#ABArare - Red-footed Booby - Florida
by Nate Swick
Florida continues to blow up with rare birds, the most recent of which is an ABA Code 4 Red-footed Booby, discovered by Connecticut birder Nick Bonomo and others, roosting with Magnificent Frigatebirds on Long Key in the Dry Tortugas, Monroe County. The bird was first observed from the ferry terminal on Garden Key and again from the ferry. Note that this is the Long Key within the National Park, not the Long Key in the Florida Keys between Conch and Fiesta Key.
The Dry Tortugas are part of the Florida Keys 67 miles west of Key West, Florida, and are accessible only by ferry, catamaran, or seaplane from Key West. There are many companies in Key West that provide transport to the Dry Tortugas, some of which cater specifically to birders.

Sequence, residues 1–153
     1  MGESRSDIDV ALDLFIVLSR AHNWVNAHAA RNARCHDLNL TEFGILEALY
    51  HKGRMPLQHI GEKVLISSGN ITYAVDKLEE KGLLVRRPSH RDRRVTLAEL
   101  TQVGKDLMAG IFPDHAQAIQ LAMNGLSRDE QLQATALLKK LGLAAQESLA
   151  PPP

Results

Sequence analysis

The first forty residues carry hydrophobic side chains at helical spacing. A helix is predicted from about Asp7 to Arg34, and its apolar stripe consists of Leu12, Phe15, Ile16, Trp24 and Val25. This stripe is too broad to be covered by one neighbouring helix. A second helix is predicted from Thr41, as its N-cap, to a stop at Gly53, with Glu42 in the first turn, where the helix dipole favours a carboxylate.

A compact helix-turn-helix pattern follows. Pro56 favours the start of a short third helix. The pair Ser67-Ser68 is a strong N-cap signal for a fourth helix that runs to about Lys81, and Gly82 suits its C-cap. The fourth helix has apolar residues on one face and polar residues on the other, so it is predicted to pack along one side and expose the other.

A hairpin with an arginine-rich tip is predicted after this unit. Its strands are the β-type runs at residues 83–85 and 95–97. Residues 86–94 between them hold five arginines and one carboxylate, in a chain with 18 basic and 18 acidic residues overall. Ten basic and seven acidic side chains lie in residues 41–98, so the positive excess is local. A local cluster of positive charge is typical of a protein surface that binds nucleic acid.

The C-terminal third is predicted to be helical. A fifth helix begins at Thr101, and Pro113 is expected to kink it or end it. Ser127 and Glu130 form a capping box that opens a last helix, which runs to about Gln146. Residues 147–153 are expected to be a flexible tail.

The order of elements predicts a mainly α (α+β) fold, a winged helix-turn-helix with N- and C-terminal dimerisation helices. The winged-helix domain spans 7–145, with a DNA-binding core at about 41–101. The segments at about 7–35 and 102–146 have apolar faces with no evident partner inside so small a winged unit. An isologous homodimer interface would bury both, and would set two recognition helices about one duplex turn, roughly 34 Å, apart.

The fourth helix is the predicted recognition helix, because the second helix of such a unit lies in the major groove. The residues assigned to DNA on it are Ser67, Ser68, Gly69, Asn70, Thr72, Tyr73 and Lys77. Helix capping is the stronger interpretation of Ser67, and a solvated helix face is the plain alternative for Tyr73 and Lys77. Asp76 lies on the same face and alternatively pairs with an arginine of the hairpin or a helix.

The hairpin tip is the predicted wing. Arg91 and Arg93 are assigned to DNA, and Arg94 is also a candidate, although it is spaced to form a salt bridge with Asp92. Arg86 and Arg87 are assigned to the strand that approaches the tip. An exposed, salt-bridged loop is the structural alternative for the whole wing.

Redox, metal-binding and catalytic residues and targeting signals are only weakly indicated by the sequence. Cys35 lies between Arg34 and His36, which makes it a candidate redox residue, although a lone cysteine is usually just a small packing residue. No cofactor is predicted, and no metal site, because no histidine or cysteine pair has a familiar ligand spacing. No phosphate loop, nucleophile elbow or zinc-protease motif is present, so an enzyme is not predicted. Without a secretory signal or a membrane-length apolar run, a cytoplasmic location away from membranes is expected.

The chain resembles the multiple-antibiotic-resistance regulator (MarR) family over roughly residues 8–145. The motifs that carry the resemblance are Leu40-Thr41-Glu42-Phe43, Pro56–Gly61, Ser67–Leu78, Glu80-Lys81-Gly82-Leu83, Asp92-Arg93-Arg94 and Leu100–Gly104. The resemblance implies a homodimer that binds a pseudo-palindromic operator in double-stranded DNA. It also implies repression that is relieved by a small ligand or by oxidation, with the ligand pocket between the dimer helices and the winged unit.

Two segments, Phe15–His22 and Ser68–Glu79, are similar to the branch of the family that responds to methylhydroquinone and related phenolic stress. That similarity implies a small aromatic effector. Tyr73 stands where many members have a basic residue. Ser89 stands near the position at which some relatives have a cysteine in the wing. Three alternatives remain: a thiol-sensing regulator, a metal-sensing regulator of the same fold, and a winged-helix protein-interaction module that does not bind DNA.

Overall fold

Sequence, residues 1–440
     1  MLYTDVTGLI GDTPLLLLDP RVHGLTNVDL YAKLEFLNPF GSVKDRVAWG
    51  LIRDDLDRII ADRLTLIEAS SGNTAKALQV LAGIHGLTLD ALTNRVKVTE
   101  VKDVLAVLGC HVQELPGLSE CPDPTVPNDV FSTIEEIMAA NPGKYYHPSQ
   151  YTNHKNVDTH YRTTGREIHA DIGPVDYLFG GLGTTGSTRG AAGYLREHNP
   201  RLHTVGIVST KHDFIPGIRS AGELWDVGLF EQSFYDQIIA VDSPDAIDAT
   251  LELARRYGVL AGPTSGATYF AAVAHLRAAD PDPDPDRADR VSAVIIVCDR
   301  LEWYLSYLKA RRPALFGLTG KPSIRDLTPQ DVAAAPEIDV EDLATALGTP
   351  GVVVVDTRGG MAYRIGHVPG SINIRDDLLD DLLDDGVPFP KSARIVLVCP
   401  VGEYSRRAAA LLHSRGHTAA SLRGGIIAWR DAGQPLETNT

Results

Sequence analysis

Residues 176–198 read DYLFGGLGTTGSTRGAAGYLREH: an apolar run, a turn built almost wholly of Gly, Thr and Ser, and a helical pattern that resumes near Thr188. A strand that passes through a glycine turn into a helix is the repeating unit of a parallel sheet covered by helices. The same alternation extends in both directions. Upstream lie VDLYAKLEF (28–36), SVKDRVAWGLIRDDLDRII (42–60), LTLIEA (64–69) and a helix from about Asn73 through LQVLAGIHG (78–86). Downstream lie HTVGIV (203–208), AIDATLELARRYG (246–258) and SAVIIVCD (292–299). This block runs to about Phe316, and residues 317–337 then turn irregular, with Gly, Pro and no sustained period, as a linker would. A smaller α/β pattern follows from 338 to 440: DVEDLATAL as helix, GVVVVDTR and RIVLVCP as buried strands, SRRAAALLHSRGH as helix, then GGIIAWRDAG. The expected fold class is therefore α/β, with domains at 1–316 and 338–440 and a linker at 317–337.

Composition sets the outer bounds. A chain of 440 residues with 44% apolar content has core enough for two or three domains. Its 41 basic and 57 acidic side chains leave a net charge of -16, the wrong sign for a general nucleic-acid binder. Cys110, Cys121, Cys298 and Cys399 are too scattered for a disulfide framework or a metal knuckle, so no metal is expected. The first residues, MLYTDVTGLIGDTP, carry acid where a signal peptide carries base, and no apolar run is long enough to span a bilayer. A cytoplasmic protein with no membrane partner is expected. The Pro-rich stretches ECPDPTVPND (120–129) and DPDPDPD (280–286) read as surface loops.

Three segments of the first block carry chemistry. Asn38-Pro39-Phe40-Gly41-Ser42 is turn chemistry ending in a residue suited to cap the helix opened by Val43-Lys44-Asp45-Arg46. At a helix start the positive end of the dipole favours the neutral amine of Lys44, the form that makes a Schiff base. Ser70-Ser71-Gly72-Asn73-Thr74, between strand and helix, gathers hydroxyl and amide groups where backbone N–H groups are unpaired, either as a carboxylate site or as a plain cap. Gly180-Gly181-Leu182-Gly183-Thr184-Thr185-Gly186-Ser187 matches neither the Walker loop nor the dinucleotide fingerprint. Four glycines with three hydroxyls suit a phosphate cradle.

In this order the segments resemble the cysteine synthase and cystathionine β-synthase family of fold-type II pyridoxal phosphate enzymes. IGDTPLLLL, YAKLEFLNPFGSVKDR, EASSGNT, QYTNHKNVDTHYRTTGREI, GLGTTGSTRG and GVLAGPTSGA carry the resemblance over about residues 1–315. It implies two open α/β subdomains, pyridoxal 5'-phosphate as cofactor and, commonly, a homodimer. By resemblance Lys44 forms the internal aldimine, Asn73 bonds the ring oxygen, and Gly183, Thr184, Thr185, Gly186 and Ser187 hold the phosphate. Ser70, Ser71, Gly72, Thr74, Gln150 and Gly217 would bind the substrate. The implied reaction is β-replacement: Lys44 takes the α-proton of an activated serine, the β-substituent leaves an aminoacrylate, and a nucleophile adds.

Red-footed Boobies are polymorphic with a white, black-tailed white, "golden" white, brown, white-tailed brown, white-headed brown, and white-tailed brown morphs. It is one of two booby species that nest in trees where they will also roost.
Red-footed Booby is pantropical in distribution and long foraging flights make plotting this species' movements difficult. Juveniles are notorious for their long flights with some birds recorded over 100 miles from the nearest land. They often leave on foraging journeys at first light, returning after dark (HBW, Volume 1). Red-footed Booby is one of the most abundant and widespread of the boobies, yet it is casual in the ABA Area except at the Dry Tortugas where it it has been seen in 10 of the last 15 years (ABA Checklist, Seventh Edition, Pranty et al.). Its food preference is flying-fish and squid, both food types caught by plunge-diving, although flying-fish are also caught in flight. During moonlit nights, when squid are attracted to surface waters, Red-footed Boobies take advantage of the abundance of surface foods.